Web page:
Japanese companies have long been known for their widespread practice of overtime, with employees toiling late into the night after the official end of the business day. Japanese drone startup Blue Innovation has offered a technological solution, a special drone called T-Frend designed to reduce overtime by flying around the office after hours, playing loud music and taking pictures of any staff who are still working and reporting them to management.
Pedestrians walk along a sidewalk in Tokyo. Japan is responding to a government campaign to get the country's chronically overworked populace to leave the office by 3 p.m. on the last Friday of every month and go spend some cash. They call it Premium Friday. (Akio Kon/Bloomberg)
This drone, however, is only one of many products developed by Blue Innovation. Most of its other drone technologies are far more advanced and economically important than T-Frend. It has machines capable of navigating in the dark and without GPS or radio signals and it has deployed drone systems for inspecting sewers, tunnels, and high-voltage power lines. However, the T-Frend project has gotten the most media attention, much of it poking fun at the drone. When I spoke to Blue Innovation's Chief Executive Takayuki Kumada recently his frustration was plain over this relatively minor project becoming his best-known, and ridiculed, technology.
Blue Innovation's anti-overtime droneTASEI, K.K.
This little drone, however, offers a lesson in how technology cannot always solve every problem. All over the world, overtime is sometimes necessary—when a startup is on a fast growth path, or the deadline looms on an important project. Yet it's not a sustainable approach when running a firm day-to-day, especially if imposed from the top on employees. In many traditional large Japanese firms, however, frequent overtime is seen as a measure of loyalty, and good for advancing one's career.
Yuriko Koike, governor of Tokyo, speaks during the Premium Friday kick-off event at the Cafe 1894 of the Mitsubishi Ichigokan Museum in Tokyo, Japan. (Akio Kon/Bloomberg)
Along with technologies like T-Frend, the Japanese government and business associations announced last year the Premium Friday program in which on the last Friday of every month, the workday would end at 3:00 pm and employees could leave early. Premium Friday was presented as a way to boost the economy, cut back on overtime and provide a better work-life balance for employees.
A Nikkei survey showed that 37% of large Japanese firms were participating in the program, but direct surveys of employees showed participation to be about 3%—a reminder of how hard it is to reduce the tradition of overtime in Japan. Innovations like Premium Friday, the T-Frend and many overtime compliance programs are well-intentioned but may face an uphill battle to bring change. Takeyuki himself was quick to point out that technology isn’t the answer: "The T-Frend isn’t intended to be a complete solution to the overtime problem, but it can be a useful part of the solution. It can encourage a more honest conversation between employees and management about overtime policies."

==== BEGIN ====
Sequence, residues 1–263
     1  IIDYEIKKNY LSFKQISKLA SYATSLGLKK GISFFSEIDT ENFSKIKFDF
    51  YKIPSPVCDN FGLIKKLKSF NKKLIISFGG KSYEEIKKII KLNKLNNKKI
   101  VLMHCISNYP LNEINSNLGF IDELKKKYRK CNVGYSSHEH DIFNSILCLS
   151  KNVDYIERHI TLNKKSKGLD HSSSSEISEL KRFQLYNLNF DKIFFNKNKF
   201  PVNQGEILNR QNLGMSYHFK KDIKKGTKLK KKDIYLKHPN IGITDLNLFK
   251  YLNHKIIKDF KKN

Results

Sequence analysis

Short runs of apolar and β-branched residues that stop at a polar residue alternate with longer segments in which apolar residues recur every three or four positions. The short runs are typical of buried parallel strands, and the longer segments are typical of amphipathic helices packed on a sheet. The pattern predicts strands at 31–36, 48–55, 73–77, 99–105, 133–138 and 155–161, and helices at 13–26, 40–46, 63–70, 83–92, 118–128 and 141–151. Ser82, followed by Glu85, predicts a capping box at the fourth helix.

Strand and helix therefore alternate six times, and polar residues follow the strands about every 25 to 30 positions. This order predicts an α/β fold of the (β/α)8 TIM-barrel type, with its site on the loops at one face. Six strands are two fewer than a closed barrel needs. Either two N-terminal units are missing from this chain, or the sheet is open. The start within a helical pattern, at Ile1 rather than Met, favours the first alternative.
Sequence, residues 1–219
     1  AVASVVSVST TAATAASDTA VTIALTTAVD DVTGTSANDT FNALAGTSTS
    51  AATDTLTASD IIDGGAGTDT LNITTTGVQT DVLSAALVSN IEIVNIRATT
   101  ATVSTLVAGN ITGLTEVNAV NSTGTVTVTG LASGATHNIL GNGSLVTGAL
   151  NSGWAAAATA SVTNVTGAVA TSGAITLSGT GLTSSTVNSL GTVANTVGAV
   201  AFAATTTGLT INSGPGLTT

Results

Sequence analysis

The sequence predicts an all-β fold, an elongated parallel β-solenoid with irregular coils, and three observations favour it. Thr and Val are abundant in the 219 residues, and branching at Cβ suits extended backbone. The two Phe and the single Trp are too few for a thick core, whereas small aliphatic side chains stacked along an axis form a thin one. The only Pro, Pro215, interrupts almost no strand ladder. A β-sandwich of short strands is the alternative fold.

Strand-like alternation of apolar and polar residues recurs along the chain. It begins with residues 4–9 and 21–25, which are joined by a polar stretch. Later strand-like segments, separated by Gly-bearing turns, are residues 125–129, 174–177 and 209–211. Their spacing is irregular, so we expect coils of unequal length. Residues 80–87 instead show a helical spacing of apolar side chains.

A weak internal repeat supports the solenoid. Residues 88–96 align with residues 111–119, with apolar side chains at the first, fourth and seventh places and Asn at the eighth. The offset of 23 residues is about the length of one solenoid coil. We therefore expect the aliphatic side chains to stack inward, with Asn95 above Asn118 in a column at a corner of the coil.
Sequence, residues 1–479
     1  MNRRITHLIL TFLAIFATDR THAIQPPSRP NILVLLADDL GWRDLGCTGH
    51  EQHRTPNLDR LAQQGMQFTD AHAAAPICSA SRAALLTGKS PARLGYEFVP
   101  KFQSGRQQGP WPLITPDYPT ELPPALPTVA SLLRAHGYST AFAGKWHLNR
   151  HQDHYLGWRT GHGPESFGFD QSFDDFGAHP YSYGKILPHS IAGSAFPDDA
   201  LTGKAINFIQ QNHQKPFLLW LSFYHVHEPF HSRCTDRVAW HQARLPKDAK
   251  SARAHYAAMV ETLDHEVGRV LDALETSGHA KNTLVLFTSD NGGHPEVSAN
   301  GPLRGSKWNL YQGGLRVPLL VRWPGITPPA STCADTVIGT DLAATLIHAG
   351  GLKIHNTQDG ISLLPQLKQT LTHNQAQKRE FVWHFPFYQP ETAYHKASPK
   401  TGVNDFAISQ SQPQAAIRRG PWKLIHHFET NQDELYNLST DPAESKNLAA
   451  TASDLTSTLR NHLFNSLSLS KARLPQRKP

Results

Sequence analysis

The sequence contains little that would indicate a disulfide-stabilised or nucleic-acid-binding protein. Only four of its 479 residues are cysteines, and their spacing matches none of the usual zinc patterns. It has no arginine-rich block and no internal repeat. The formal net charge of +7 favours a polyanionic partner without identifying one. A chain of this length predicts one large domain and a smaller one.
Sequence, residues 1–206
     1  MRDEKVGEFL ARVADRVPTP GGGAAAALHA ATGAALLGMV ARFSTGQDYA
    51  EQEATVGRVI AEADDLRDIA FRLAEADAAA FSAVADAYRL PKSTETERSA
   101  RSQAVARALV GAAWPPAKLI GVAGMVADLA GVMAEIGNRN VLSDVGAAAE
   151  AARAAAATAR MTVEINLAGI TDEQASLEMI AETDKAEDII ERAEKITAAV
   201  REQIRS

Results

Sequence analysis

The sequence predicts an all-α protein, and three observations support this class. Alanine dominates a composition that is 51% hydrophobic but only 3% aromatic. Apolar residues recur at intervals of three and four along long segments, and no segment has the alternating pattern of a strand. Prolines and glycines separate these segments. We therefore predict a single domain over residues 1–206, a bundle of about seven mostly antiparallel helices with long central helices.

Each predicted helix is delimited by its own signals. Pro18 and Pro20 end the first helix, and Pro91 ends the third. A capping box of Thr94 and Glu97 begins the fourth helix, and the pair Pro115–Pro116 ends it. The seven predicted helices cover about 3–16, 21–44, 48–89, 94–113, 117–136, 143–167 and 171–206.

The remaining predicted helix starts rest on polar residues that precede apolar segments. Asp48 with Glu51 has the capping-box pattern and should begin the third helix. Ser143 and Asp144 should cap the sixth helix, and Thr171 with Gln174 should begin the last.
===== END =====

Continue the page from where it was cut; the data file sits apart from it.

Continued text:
So if technology isn’t the solution, what is?
The answer may lie in Japan's startup culture. Most Japanese startups, including Blue Innovation, are creating cultures that more open, promote work-life balance, and discourage overtime. Takeyuki explained that his company has policies to offer flextime and remote work—and these were just as important as technology.
A businessman sits at the entrance of a building in Tokyo. (YOSHIKAZU TSUNO/AFP/Getty Images)
One good explanation of the shift brought by startups comes from Masanori Hashimoto, CEO and founder of software startup Nulab, who says: "Most startups are founded by teams, and from the beginning the CEO must consider the opinions of the co-founders. As the startup grows, this naturally leads to an open corporate culture." Startups also tend to measure staff by actual productivity, not by the number of hours at a desk. In the end, Japan’s overtime culture might fade away not because of drones and government programs, but by startups showing that a better work-life balance is a more profitable and sustainable way to do business.
Pedestrians cross a road in Tokyo, Japan. (Akio Kon/Bloomberg)
I'm a Tokyo-based founder, consultant, author, and teacher and host the Disrupting Japan podcast. I also teach corporate innovation at NYU's Shinagawa campus.
A version of this article appeared on Forbes.
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